Organise or Discard: How to manage non-trading companies
Have nothing in your house that you do not know to be useful or believe to be beautiful is the decluttering mantra for the minimalist generation. A legal entity can hardly be deemed beautiful so, in order to stay housed within a corporate structure, it follows that it must be useful. Statistics show that there are currently over 2 million non-trading companies registered at Companies House. That’s enough clutter to bring any chronic disorganisation specialist out in a cold sweat! (That’s a real job, in case you’re wondering).
So why is the UK, not a country usually associated with sentimentality, guilty of hoarding so many entities on such an epic scale? It’s a question that throws up many answers but, the most common are usually:
- Fear of the unknown. Identifying the assets and liabilities of a long established company can feel like opening Pandora’s Box. As founders and key personnel move on, there is often a lack of corporate knowledge about a company’s activities and trading history. Such entities are likely to include redundant Special Purpose Vehicles (SPV’s), historic acquisitions, joint venture vehicles and organisations with complex, inefficient tax structures.
- Time. Conducting a detailed audit of a company’s trading history, assets and liabilities does take time. How much time each audit will take depends on a number of factors, not least the industry and number of trading activities carried out by the entity in question. Other variables include the length of time the company traded, how long it has been inactive and the reasons why that activity was wound down. Not all potential closures may be quite so complicated though. SPV’s established to hold assets later sold off can, in most cases, be closed down with relative ease.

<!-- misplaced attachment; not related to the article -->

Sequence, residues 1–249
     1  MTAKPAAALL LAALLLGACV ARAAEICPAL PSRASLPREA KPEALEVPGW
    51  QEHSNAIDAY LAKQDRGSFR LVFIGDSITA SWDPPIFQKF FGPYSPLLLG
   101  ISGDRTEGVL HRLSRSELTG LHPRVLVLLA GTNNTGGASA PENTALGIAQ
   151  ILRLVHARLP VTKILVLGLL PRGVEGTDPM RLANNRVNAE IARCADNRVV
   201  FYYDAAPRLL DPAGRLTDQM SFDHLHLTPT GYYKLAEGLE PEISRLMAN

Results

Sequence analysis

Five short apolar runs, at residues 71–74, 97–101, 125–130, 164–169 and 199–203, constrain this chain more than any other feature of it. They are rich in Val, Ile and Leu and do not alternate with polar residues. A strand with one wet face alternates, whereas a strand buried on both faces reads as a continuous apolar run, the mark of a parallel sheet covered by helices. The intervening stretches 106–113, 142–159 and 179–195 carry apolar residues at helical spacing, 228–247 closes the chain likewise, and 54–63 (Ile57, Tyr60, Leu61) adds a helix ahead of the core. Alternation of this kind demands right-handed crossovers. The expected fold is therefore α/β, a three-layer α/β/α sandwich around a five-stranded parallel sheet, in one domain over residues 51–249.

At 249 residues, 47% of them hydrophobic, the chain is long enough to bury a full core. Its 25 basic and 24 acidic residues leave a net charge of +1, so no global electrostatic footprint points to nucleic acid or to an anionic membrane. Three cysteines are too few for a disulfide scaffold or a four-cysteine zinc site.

- Cost. There is a perception that closing down an entity will cost more in the short term than simply leaving it dormant. But such an approach is often a false economy. Non-trading companies can take up valuable resources across legal, compliance, finance, treasury, tax and audit teams and will continue to do so until they are formally dissolved.
While large corporate structures can indicate an engaged, diverse and thriving business, it is important that such organisations are seen to be monitoring and controlling the growth of their corporate charts. It’s a constant challenge for corporate governance teams who are tasked with reminding decision-makers that they must show equal commitment to closing down defunct entities as their desire to open new ones.
The first step on the road to streamlining any organisation is to evaluate the current structure of the corporate group and draw up a vision of how you would like it to look going forward. The second is to identify and conduct a thorough review of any assets and liabilities in non-trading companies. The third is to draw up a plan of action on how to achieve step one in light of what has been identified in step two.
Margaret Timmons is an Associate at Doyle Clayton specialising in corporate reorganisations and integration projects, with particular expertise in the media sector. If you would like help achieving your vision to streamline your organisation’s existing corporate structure please contact Margaret at email@example.com.
The articles published on this website, current at the date of publication, are for reference purposes only. They do not constitute legal advice and should not be relied upon as such. Specific legal advice about your own circumstances should always be sought separately before taking any action.